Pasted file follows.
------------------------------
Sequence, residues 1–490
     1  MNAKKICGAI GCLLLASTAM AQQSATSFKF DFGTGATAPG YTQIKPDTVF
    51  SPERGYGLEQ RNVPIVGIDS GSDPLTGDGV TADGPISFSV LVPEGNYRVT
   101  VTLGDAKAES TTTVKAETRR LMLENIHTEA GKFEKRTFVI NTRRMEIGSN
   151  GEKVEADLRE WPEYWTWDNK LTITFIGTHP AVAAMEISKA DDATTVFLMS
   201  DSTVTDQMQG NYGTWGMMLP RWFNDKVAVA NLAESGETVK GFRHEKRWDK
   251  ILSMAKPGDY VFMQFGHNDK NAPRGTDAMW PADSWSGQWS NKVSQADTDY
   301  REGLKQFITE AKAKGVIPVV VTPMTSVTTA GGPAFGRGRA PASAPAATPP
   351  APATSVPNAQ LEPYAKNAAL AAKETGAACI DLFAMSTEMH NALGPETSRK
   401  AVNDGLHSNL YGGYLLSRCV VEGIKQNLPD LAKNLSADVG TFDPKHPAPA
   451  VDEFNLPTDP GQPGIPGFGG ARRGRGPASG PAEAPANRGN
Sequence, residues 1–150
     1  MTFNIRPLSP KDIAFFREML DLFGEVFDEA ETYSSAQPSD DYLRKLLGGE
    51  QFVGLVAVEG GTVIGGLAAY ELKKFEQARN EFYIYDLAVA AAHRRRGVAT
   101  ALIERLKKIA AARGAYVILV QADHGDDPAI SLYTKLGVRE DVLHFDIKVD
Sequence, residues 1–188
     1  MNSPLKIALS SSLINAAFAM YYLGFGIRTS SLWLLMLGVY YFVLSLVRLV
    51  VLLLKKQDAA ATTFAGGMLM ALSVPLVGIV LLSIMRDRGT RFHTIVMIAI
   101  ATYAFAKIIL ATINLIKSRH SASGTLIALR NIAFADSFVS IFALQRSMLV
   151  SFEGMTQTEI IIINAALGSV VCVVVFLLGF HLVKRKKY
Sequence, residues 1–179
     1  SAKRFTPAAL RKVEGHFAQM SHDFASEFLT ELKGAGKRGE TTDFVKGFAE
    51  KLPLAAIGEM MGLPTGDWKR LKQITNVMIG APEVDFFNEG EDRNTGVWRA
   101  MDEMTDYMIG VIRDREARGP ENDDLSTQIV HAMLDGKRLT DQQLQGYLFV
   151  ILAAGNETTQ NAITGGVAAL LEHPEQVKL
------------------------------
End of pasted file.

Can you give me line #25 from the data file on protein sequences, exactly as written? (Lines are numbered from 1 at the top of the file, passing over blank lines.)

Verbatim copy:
   151  ILAAGNETTQ NAITGGVAAL LEHPEQVKL